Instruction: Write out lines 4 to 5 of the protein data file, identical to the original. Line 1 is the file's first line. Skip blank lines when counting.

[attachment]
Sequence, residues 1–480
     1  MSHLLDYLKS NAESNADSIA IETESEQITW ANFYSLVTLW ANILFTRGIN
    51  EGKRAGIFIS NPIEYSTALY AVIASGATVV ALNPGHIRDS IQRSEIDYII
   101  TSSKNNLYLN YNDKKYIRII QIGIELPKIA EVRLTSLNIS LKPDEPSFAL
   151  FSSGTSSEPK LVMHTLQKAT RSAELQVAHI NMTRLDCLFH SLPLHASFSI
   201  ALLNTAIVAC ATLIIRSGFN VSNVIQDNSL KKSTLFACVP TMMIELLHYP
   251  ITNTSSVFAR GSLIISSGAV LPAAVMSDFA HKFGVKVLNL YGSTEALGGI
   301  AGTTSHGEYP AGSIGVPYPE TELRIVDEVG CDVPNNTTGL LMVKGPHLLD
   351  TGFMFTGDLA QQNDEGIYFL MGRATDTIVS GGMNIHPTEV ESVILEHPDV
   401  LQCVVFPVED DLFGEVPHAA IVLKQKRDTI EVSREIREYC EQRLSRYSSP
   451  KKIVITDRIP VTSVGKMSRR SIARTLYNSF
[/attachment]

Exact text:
   101  TSSKNNLYLN YNDKKYIRII QIGIELPKIA EVRLTSLNIS LKPDEPSFAL
   151  FSSGTSSEPK LVMHTLQKAT RSAELQVAHI NMTRLDCLFH SLPLHASFSI